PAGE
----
Maverick Citizen

MAVERICK CITIZEN

#Justice4Michael – Michael Komape. Never forget.

Rosina Komape flanked by her two eldest children, Lucas and Lydia. Image: Thom Pierce

On 20 January 2014 Michael Komape drowned in the most undignified way – in a pit toilet at his school in Chebeng Village in Polokwane. He was five years old. For five long years his family have been seeking justice for the tragic and horrific death of their son. Today, the family will take another step down the long and winding road towards some form of justice when their appeal will be heard by the Supreme Court of Appeal in Bloemfontein.

Michael Komape’s tragic story and the search for justice has been kept alive for the past five years by a handful of activists and organisations. Two years ago Mark Heywood wrote an angry, but heartfelt piece about the death of Michael, some of which is repeated in this article. While at SECTION27 Nomatter Ndebele was a key contact for the family as they navigated the courts. Nomatter and photojournalist Thom Pierce recently travelled to Limpopo to talk to the family on the eve of their next step.

Twenty kilometres outside Polokwane is a small village called Chebeng. It’s a drab and dreary place, reminiscent of one of the rural dumping grounds where the old South African apartheid state put victims of their forced removals. There are few trees, the streets are not tarred, outside pit toilets seem the norm and there is little of the infrastructure one normally sees in modern “human settlements”. Of course, there are plenty of shebeens and spaza shops. And plenty of young people who, numb in unemployment, litter Chebeng’s streets during daytime, lethargic and apparently aimless.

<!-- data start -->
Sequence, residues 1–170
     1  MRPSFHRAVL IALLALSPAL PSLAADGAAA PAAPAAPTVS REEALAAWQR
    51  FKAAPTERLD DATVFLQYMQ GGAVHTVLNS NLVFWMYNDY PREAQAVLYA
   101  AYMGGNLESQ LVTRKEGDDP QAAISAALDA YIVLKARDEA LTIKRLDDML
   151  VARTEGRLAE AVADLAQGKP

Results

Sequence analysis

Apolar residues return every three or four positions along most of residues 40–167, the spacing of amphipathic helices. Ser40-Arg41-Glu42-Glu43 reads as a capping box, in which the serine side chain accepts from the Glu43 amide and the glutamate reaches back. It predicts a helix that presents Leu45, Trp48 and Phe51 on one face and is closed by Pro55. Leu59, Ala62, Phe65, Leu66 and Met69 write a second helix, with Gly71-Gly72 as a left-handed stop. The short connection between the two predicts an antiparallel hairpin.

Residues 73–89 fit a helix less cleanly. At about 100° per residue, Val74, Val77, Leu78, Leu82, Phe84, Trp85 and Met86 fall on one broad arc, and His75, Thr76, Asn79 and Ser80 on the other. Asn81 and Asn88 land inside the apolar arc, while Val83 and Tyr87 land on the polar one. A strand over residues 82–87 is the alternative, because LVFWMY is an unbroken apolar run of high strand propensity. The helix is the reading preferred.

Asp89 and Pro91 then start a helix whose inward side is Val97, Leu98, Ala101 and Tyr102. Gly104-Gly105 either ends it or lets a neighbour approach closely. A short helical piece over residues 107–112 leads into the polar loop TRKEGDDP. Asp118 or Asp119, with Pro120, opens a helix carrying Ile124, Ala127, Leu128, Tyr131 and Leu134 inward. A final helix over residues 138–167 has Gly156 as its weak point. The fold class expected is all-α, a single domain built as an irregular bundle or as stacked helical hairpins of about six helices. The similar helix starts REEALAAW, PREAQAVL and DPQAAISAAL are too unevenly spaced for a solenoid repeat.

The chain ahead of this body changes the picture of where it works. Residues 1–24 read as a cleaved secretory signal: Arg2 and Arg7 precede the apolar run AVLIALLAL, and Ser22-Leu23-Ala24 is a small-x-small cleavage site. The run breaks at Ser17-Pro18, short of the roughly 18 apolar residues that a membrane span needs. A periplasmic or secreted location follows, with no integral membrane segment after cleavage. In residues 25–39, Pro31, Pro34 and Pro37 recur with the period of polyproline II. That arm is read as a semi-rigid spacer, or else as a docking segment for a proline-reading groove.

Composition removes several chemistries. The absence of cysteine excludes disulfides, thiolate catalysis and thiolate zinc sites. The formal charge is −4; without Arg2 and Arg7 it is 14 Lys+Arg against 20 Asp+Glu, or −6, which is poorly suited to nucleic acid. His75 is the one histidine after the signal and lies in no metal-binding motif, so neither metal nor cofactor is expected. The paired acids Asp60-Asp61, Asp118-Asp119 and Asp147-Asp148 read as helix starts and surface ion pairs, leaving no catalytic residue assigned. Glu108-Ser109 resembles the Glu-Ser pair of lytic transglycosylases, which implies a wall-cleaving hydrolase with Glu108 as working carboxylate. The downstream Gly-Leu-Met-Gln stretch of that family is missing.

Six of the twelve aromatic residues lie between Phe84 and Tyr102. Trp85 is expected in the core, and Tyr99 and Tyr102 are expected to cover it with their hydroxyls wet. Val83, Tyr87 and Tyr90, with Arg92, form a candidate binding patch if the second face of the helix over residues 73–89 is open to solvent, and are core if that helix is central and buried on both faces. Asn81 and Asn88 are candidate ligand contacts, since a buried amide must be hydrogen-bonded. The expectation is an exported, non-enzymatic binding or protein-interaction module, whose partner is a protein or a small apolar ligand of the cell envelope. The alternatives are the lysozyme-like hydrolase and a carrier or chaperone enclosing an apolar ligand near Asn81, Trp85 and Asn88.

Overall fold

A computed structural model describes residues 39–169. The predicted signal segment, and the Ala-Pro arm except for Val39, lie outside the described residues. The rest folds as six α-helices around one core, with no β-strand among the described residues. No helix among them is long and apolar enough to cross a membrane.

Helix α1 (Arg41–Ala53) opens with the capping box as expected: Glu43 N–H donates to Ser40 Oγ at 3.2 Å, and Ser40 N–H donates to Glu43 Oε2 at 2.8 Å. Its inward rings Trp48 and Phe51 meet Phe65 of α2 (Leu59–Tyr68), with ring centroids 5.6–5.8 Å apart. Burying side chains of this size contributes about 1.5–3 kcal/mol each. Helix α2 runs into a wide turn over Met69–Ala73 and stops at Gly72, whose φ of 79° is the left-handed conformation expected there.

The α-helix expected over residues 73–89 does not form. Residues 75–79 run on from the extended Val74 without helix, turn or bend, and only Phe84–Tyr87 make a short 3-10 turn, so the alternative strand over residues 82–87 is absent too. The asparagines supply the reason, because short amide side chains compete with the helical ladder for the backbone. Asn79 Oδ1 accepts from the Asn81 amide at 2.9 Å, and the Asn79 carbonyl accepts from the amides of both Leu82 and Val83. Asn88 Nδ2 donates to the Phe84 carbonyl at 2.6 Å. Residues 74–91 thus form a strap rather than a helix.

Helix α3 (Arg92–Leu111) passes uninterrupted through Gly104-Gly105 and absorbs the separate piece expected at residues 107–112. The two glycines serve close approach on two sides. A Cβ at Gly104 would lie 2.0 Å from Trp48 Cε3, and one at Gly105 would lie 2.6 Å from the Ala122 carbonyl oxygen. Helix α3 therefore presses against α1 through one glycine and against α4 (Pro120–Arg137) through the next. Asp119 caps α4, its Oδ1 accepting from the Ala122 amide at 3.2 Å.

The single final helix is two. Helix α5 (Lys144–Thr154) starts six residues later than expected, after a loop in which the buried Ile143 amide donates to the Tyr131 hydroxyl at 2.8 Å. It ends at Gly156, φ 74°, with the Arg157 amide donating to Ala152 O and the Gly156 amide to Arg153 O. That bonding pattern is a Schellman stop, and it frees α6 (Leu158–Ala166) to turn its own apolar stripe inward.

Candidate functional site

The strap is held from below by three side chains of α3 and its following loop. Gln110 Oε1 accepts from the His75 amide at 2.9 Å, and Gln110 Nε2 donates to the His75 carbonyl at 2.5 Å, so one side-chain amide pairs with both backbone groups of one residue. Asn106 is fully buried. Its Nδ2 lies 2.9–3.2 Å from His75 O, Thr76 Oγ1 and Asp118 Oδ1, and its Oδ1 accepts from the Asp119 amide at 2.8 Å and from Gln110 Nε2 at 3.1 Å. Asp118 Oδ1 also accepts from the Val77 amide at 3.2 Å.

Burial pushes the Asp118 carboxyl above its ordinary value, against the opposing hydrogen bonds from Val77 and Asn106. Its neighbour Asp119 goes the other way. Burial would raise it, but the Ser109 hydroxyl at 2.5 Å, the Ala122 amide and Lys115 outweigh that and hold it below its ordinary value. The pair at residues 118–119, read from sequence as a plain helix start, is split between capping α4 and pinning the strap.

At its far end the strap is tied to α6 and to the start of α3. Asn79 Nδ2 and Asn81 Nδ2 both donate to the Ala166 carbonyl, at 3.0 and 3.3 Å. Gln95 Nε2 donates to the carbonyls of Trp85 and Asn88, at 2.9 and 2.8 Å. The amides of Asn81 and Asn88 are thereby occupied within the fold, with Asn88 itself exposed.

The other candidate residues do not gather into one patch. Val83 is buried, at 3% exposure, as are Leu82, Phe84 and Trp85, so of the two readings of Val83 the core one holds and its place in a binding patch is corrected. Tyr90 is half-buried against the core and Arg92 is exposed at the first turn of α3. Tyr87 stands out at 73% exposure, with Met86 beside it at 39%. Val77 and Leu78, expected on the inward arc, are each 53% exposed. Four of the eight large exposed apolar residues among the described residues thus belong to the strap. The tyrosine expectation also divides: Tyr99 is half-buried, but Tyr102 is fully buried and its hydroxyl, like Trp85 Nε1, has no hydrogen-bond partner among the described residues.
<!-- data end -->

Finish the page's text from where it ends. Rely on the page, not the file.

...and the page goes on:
Chebeng Village is where the Komape family live. They are a typical family; mother, father and six children.

James and Rosina Komape were born in 1967 and 1972 respectively, right in the middle of the apartheid years.

The arrival of James and Rosina’s first children coincided with the end of apartheid. Lydia, their first daughter was born in 1990, the same year Nelson Mandela was released from prison. Lucas, their first son, came in 1994, the year South Africa became free via the ballot box.

In more than one way 1994 was the year the Komape’s dreams came true. It was the year all our dreams came true.

Today, James and Rosina are unemployed, penniless, adrift. One of the few things nobody can take away from them is their dignity.

There are now other siblings: the twins, another brother and a beautiful smiling nearly-six-year-old daughter with eyes as big and bright as moons.

In 2009 James and Rosina had another son. Photos show he had the same eyes as his little sister. According to James, Michael, “loved to read books” and was smiley-serious. James remembers that Michael didn’t blame him on the days when James had no money to give him for school.